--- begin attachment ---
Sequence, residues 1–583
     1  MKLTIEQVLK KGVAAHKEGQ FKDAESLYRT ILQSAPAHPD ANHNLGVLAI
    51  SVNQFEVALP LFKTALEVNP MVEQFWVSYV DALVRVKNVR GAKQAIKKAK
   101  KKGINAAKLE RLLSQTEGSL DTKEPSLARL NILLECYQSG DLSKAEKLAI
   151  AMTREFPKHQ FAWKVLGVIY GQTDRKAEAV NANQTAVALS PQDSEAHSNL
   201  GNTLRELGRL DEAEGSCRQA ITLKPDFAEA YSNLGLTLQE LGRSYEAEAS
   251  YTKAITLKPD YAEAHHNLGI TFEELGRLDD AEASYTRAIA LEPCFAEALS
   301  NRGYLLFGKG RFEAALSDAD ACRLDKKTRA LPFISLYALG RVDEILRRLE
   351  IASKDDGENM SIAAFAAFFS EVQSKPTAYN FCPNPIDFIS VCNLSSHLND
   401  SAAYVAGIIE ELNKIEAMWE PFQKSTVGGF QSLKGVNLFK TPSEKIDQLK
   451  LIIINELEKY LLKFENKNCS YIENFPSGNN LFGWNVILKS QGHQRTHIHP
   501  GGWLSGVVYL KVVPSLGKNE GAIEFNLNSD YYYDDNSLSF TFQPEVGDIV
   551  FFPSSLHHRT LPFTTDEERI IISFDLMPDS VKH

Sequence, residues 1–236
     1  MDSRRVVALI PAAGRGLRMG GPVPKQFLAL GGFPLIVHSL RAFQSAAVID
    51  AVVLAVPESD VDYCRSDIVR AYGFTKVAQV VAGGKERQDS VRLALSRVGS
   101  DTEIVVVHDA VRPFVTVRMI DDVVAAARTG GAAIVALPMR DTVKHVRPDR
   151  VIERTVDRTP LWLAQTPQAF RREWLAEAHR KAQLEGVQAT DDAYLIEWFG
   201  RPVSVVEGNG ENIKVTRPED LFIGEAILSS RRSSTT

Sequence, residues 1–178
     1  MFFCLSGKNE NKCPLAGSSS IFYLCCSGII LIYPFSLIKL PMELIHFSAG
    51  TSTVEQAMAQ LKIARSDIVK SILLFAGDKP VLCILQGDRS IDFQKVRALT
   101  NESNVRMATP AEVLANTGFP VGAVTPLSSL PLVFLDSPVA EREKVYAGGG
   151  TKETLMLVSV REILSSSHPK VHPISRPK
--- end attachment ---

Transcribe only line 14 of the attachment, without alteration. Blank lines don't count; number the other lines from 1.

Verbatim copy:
Sequence, residues 1–236